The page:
Secretory IgA (Immunoglobulin A) is a critical component of the immune system, primarily found in mucosal areas like the intestines, respiratory tract, and saliva. It plays a key role in the body's first line of defense, protecting mucosal surfaces by binding to pathogens and preventing their entry into the body. Secretory IgA is essential for maintaining gut health and overall immune function.
Quantitative Determination of Fat
The quantitative determination of fat in stool samples, often referred to under the umbrella of digestive residues, is a diagnostic test used to evaluate fat absorption and to identify malabsorption syndromes. This test, measures the amount of fat that is excreted in the stool. Excessive fat in the stool, a condition known as steatorrhea, can indicate problems with digestion or absorption of fat in the gastrointestinal tract. The results of this test help in diagnosing conditions such as pancreatic insufficiency, cystic fibrosis, celiac disease, and Crohn's disease.
Quantitative Determination of Nitrogen
The quantitative determination of nitrogen is a laboratory test primarily used to assess protein digestion and absorption by measuring nitrogen levels in bodily excretions, usually urine or feces. This test is instrumental in evaluating nutritional status, particularly in clinical settings where protein-energy malnutrition or imbalances might be a concern. It serves as a key indicator of metabolic functions related to protein turnover. The test can help diagnose conditions that affect protein metabolism, such as kidney disease, malabsorption syndromes, and certain metabolic disorders.
Quantitative Determination of Sugar
The quantitative determination of sugar in stool is a diagnostic test used primarily to detect carbohydrate malabsorption. This type of test is valuable for diagnosing conditions such as lactose intolerance, fructose intolerance, and other disorders where the digestion and absorption of sugars are impaired. By measuring the levels of sugars such as lactose, fructose, or sorbitol in the stool, healthcare providers can identify the specific sugars that a patient's digestive system cannot process effectively. The presence of undigested sugars in the stool often leads to symptoms such as bloating, gas, diarrhea, and abdominal pain.
Quantitative Determination of Water
The quantitative determination of water in stool, commonly referred to as stool water content analysis, is a diagnostic test used to evaluate the water content in feces. This test is crucial for diagnosing conditions associated with abnormal water absorption or secretion in the gastrointestinal tract, such as various forms of diarrhea. Diarrhea can result from infections, inflammatory bowel diseases (IBD), irritable bowel syndrome (IBS), or malabsorption syndromes, where there is either excessive secretion or inadequate absorption of water in the intestines.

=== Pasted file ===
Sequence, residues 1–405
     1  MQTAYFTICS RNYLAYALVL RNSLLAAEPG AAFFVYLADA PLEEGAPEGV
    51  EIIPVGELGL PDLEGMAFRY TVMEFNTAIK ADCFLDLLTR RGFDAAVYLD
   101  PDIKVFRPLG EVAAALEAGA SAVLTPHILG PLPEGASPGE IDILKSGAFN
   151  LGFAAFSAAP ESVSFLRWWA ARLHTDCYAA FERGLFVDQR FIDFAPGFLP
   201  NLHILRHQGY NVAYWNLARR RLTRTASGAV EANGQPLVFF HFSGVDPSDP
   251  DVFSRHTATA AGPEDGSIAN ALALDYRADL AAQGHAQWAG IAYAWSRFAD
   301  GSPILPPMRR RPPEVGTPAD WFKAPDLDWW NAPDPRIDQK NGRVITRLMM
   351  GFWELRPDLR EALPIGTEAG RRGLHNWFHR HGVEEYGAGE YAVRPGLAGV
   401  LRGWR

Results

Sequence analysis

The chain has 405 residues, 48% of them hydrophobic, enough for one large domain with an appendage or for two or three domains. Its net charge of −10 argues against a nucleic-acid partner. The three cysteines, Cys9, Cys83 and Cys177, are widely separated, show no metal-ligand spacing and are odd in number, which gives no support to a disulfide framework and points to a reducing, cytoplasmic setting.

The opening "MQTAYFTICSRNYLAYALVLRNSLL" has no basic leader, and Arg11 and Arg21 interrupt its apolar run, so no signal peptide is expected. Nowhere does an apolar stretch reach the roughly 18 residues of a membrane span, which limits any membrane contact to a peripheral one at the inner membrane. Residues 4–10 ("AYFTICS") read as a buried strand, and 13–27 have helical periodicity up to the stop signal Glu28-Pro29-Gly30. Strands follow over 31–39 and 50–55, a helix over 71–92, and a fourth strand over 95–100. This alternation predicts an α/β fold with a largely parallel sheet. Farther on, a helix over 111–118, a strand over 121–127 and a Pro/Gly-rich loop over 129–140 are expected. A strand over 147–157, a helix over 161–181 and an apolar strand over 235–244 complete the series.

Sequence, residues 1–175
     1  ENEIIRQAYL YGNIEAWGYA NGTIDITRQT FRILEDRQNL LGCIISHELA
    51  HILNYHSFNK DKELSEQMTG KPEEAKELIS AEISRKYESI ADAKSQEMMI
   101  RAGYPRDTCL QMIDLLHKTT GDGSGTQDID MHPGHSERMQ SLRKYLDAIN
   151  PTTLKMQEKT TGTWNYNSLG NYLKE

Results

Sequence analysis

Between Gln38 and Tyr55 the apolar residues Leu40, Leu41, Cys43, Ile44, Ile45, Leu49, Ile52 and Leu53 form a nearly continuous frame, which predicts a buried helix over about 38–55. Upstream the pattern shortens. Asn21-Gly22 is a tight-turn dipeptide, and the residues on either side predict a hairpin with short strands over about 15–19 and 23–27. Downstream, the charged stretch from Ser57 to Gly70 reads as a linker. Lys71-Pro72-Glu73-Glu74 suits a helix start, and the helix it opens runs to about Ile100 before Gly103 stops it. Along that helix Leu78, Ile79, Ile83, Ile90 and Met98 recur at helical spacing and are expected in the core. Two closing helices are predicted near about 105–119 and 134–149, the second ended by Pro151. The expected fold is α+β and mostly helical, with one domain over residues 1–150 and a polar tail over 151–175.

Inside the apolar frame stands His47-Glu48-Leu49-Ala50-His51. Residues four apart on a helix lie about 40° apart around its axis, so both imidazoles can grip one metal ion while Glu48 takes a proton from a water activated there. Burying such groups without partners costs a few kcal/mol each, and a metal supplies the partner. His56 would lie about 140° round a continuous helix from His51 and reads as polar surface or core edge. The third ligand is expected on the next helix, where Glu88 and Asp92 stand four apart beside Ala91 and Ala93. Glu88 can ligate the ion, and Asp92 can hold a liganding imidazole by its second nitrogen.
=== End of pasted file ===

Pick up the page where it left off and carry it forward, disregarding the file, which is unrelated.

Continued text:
Gut Microbiome Test Large: Detailed Gut Health Assessment

The Gut Microbiome Test Large from GetTested is a thorough test that evaluates key aspects of gut health. It measures digestive functions, digestive residues, and the levels of various bacteria and yeasts in the intestinal flora. Additionally, it assesses digestive malabsorption and inflammatory markers. This test aims to provide a comprehensive understanding of your digestive system and gut flora health.

Who Would Benefit from the Gut Microbiome Test Large?

Individuals with digestive issues, such as imbalances in gut flora, candida overgrowth, or food digestion difficulties, will find this test particularly beneficial. It offers an in-depth analysis of potential gut imbalances and can aid in preventing future health problems.

Components of the Gut Microbiome Test Large

This comprehensive test encompasses:

  • Evaluations of 13 types of gut bacteria, like Bifidobacterium and Lactobacillus.
  • Analyses of 4 yeast types, including Candida albicans and Geotrichum candidum.
  • pH value assessments.
  • Digestive residue checks for fat, nitrogen, sugar, and water.
  • Measurements of secretory IgA, pancreatic elastase, bile acids, alpha-1 antitrypsin, and calprotectin.

Understanding Yeast Overgrowth

The test also focuses on Candida albicans, a yeast that, in moderate amounts, aids digestion and nutrient absorption but can cause health issues if overgrown. Factors such as antibiotics, diet, heavy metal poisoning, and certain medications can lead to yeast overgrowth. Thus, the test includes analysis of Candida spp., Geotrichum candidum, and general yeast levels.

How to Perform the Gut Microbiome Test Large